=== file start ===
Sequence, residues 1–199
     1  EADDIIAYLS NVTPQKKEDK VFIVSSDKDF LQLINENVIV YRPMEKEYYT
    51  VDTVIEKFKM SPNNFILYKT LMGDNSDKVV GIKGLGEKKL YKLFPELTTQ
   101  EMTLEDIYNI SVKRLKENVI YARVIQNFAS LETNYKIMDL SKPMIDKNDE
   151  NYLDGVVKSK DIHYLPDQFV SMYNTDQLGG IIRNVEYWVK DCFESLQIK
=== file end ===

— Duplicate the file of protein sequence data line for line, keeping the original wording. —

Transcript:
Sequence, residues 1–199
     1  EADDIIAYLS NVTPQKKEDK VFIVSSDKDF LQLINENVIV YRPMEKEYYT
    51  VDTVIEKFKM SPNNFILYKT LMGDNSDKVV GIKGLGEKKL YKLFPELTTQ
   101  EMTLEDIYNI SVKRLKENVI YARVIQNFAS LETNYKIMDL SKPMIDKNDE
   151  NYLDGVVKSK DIHYLPDQFV SMYNTDQLGG IIRNVEYWVK DCFESLQIK